Every weekend, Linda was picked up by her mother, Lorene, for a weekend trip home to the farm, and presented a new hand-cut and hand-sewn dress. As Bond and Linda connected, he was welcomed at the Pamplin’s Delta farm, and encountered a universe of agriculture unlike anything he’d seen prior—an endless vista of flat row crops on some of the last ground cleared of timber in southeast Arkansas.
Adding to the impact of Bond’s Delta introduction, he saw cotton bolls for the first time in his life. In Bond’s youth, the cotton door generally had already closed in northwest Arkansas, although his parents were heavily experienced with the white fiber. (Aaron and Edith had married on Friday, Dec. 12, 1935: The previous Wednesday, they finished handpicking cotton, and on Thursday, they killed hogs, and on Friday, they wed. Bottom line—there was no ceremony until cotton harvest was complete.)
Linda’s father, Earl Pamplin, took an instant shine to his son-in-law-to-be, and became a massively influential figure in Bond’s life. “I drove a tractor for Mr. Earl, and we hunted together. He knew that me and Linda were getting serious. But I still didn’t dream to farm because I was on the forestry road. I was a forester—or so I thought.”
Married in their junior year, Bond and Linda tied the knot at the cusp of the perfect job storm. Georgia Pacific (GP) and International Paper were primed for major growth across the South and job openings were popping.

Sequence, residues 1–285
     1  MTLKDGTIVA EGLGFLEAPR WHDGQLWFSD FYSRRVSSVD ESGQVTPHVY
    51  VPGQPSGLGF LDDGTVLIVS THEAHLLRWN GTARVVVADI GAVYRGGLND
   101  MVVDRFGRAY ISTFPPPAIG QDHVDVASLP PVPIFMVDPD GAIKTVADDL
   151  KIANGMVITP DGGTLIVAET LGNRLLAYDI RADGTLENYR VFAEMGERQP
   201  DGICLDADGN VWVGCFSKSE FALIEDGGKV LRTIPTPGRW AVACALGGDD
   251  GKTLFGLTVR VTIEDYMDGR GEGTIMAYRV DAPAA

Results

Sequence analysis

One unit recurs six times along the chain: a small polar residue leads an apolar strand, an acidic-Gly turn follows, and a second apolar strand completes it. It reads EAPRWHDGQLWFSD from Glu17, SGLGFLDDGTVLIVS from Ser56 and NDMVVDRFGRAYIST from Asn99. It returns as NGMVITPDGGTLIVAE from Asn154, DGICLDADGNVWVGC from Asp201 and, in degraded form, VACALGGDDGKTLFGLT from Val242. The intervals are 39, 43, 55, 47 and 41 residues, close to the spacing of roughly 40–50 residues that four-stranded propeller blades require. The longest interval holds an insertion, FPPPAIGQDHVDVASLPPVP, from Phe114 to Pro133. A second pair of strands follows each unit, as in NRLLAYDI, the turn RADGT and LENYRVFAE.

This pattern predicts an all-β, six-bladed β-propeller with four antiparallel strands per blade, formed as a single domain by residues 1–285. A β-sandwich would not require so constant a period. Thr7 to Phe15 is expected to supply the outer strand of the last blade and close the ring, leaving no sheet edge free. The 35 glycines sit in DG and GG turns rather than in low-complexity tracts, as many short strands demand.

“Mr. Earl supported and encouraged me, and one day while we were talking, he brought up farming: ‘You go try forestry, and the farm will be here if you change your mind.’”
In 1968, degree in hand, Bond signed with GP as an assistant forester. In 1970, GP expanded in east Texas, and Bond gained a major rung on the career ladder as a timber buyer with a move to Lufkin, Texas.
Promotions. Jobs. Opportunity. Simoleons. “I was doing the best I could to make more money and I loved getting out and meeting landowners and negotiating prices. Soon, I was responsible to keep loggers moving and get timber out,” Bond describes. “It was hectic in Texas, but I was successful.”
By 1973, the Bonds had one daughter, Susan, with a son—Jason—soon to arrive. The forestry career path was solid, but financial progression came at a cost: A persistent void couldn’t be filled in the Lone Star State.
“We lacked the peaceful life of farming beside family—which we’d both grown up with,” Bond describes.